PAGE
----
Hackers are trying to bring down entire countries, and it's a matter of time - We Are The Mighty
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Hackers are trying to bring down entire countries, and it’s a matter of time

Gatwick Airport is Britain’s second busiest by passenger volume, and Europe’s eighth. And yet it was brought to a standstill for two days by two people and a single drone.

Its vulnerability reminded me of a conversation I had two years ago, at the Web Summit conference in Lisbon with cybersecurity investor Sergey Gribov of Flint Capital. He was talking up one of his investments, an industrial cybersecurity firm based in Israel called CyberX. Half-bored, I girded myself for his pitch. They usually go like this: “The internet is full of hackers! They want to steal your data and your money! If only companies used my company’s awesome product, we would all be safe!”


I have heard hundreds of pitches like this.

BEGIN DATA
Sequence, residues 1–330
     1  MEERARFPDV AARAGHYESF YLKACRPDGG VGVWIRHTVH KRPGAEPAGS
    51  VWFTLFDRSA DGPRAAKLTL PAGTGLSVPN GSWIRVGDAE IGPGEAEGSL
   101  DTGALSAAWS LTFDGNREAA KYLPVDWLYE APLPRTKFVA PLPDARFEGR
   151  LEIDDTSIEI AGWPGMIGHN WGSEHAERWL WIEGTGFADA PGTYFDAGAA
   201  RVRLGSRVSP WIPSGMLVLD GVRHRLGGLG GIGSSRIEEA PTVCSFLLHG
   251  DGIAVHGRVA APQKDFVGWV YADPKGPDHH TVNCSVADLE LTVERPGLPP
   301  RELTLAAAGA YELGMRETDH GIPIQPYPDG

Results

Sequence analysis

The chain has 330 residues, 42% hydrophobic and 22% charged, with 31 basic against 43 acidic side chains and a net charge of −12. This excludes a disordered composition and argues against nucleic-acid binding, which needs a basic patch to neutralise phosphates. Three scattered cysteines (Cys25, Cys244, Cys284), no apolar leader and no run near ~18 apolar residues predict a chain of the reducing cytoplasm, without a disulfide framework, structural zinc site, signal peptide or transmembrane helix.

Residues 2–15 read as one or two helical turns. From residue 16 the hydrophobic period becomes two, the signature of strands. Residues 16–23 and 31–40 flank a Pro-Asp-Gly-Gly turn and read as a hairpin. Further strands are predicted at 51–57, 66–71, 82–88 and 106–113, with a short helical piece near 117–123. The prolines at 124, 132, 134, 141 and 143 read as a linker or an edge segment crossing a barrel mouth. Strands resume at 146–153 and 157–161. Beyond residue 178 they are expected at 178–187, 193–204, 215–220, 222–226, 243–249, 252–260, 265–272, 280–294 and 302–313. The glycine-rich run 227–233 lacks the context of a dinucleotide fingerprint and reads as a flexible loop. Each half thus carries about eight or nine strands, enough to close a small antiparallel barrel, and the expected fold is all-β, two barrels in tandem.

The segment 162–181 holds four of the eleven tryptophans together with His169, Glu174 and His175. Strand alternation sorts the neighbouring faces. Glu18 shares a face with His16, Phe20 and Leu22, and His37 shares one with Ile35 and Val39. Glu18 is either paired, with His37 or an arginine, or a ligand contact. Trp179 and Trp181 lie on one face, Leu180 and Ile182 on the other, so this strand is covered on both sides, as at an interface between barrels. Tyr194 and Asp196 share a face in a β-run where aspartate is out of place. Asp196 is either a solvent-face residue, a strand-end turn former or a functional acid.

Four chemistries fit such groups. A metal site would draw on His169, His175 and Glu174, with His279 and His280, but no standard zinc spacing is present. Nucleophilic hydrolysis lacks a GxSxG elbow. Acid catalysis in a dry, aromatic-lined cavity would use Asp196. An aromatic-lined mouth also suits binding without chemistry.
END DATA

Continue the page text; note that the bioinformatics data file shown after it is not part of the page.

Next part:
But my conversation with Gribov was different. It was … extreme. The criminals who break into the web sites of banks or chainstores and steal personal data or money are not the scariest people out there, he told me. The hackers we really ought to be worrying about are the ones trying to take entire countries offline. People who are trying to take down the internet, switch the lights off, cut the water supply, disable railways, or blow up factories.

Hackers are trying to bring down entire countries, and it’s a matter of time

(Flickr photo by Richard Patterson)

The West’s weakness is in the older electronics and sensors that control processes in infrastructure and industry. Often these electronics were installed decades ago. The security systems controlling them are ancient or non-existent. If a hacker can gain control of a temperature sensor in a factory, he — they’re usually men — can blow the place up, or set it on fire. “The problem people don’t realise is it becomes a weapon of mass destruction. You can take down a whole country. It can be done,” he said.

And then, how do you respond? Does the country that was attacked — the one struggling to get its power grid back online — launch nukes? Probably not, he said, because “you have no idea who did it.”

“You can have a team of five people sitting in a basement and be just as devastating as WMDs,” he said. “It’s really scary. In some sense it’s a matter of time because it’s really easy.”